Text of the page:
BY EMMA PEPPER, DIRECTOR OF STRATEGIC NETWORK COMMUNICATIONS, THE HUB
Local journalism is the heartbeat of our communities in West Virginia. While we tend to the needs of our daily lives, we depend on our locally-based media to be our eyes and ears.
As I travel the state talking with West Virginians who are invested in making a difference in their communities about how to amplify the stories coming out of their work, one of the main tactics that we focus on together is how to engage with local journalists. When I ask them about who in the room is connected to a journalist – a majority of people in the group always raise their hand. We are a small, but mighty state. Our local journalists attend church with us, they went to high school with us, our children play with their children, they are our neighbors, friends, and family members.
Many of us can remember being at the knees of our own mothers and fathers while they sat with a newspaper in hand. Keeping up with the local news wasn’t just a pastime for them, it was a practice rooted in a value: being a member of this community means bearing witness to what is happening in the lives of our neighbors.
When I reflect on the challenges local media outlets are facing, I lament the potential loss of our chief watchdogs on community matters, but it is the loss of the stories of my neighbors that shoots straight to my heart. The stories coming out of local journalism efforts show us who we are as West Virginians – stories like the war veteran recounting his triumphs on the battlefield; the dreamer who sees a need for her community and opens up a business to fill it; or the volunteer team that is collecting Christmas presents for families in need.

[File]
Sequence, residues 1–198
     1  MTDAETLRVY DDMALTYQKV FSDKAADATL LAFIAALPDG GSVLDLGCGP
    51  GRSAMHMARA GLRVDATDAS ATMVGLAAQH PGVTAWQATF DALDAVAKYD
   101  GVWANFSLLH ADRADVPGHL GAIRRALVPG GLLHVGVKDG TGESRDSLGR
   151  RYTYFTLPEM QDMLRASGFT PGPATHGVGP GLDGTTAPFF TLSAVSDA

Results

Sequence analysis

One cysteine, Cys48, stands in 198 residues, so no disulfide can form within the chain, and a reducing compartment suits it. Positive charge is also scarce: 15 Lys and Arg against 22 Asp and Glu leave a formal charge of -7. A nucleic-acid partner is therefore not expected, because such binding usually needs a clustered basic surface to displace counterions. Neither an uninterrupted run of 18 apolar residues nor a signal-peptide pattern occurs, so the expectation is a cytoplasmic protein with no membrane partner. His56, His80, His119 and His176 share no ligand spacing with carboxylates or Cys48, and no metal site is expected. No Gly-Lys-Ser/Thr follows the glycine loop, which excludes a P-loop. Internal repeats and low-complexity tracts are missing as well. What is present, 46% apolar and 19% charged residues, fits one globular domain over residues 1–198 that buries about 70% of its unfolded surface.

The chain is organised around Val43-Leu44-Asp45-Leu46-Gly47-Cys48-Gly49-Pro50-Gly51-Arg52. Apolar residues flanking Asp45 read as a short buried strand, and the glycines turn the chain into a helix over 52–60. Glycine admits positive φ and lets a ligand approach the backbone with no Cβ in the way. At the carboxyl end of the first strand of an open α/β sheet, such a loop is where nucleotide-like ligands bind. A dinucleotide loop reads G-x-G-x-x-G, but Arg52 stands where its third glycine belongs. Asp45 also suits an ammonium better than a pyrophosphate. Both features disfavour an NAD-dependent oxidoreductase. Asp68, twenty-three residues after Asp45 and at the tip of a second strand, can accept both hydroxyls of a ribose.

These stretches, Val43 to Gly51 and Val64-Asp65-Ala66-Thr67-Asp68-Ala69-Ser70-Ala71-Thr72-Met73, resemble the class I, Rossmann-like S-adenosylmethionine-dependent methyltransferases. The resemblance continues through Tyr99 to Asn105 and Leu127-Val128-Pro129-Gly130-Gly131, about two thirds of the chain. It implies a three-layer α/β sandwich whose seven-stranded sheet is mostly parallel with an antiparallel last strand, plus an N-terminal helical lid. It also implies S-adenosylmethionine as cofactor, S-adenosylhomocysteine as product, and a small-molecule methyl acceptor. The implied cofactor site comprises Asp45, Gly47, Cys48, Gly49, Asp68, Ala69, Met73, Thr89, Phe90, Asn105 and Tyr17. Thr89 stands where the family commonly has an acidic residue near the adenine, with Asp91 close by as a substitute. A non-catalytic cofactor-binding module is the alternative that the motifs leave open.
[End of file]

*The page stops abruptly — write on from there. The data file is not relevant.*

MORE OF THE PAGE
Local journalists shine a light on our shared history. Their stories reflect the needs, values, and progress happening in our communities – they are our collective heartbeat. And, as recent research from Texas A&M, Louisiana State and Colorado State universities shows us, they support us in being a more engaged citizenry, making decisions in the voting booth that reflect our own – and our neighbors – best interests.
This National Newspaper Week, I’m extending my gratitude to West Virginia’s storytellers working alongside us on the ground as we build the path to a bright future for our state.